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ISSN: 2157-7412
Journal of Genetic Syndromes & Gene Therapy
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Engineered Factor VII, Factor IX, and Factor X Variants for Hemophilia Gene Therapy

Patricia Quade-Lyssy, Peter Milanov and Jörg Schüttrumpf*

Institute for Transfusion Medicine and Immune Hematology, Clinics of the Johann Wolfgang Goethe University, German Red Cross Blood Donor Service Baden-Wuerttemberg – Hessen, Germany

*Corresponding Author:
Jörg Schüttrumpf
Institute for Transfusion Medicine and Immune Hematology
Clinics of the Johann Wolfgang Goethe University
German Red Cross Blood Donor Service Baden-Wuerttemberg – Hessen, Sandhofstr. 1
D-60528 Frankfurt am Main, Germany
Tel: +49696782-271/-231
Fax: +49696782-271/-231
E-mail: [email protected]

Received date: October 30, 2012; Accepted date:December 07, 2012; Published date: December 10, 2012

Citation: Quade-Lyssy P, Milanov P, Schüttrumpf J (2012) Engineered Factor VII, Factor IX, and Factor X Variants for Hemophilia Gene Therapy. J Genet Syndr Gene Ther S1:013. doi:10.4172/2157-7412.S1-013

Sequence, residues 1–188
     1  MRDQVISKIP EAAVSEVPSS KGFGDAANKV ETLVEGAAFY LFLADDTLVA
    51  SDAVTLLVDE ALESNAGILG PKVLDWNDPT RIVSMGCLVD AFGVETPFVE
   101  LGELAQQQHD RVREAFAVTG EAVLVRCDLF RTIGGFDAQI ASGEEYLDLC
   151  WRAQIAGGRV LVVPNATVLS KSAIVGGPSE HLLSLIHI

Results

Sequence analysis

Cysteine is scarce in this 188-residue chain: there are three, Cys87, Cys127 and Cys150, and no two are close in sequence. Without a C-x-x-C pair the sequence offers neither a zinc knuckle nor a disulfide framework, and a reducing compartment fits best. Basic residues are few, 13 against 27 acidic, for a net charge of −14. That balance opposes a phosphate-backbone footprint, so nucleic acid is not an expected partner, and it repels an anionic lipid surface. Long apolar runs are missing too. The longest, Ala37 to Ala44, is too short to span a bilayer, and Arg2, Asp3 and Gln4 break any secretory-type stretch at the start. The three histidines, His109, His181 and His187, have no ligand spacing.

Copyright: © 2012 Quade-Lyssy P, et al. This is an open-access article distributed under the terms of the Creative Commons Attribution License, which permits unrestricted use, distribution, and reproduction in any medium, provided the original author and source are credited.

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Keywords

Hemophilia gene therapy; Coagulation factors; Amidolytic activity; Coagulation factors; Inhibitory antibodies

FVII/FVIIa

Patients with hemophilia A and B have deficient protein concentrations of FVIII and FIX, respectively and therefore are treated by protein substitution with plasma-derived or recombinant factor FVIII or FIX concentrates. In about 20-30% of the patients with hemophilia A and in 3-5% of those with hemophilia B this can lead to the development of neutralizing antibodies against the infused proteins which makes therapy inefficient [1,2]. Recombinant activated factor VII (rFVIIa) protein is currently an alternative therapy available for inhibitor patients to treat excessive bleeding. However, supraphysiological concentrations and repeated administration are required to induce hemostasis [3].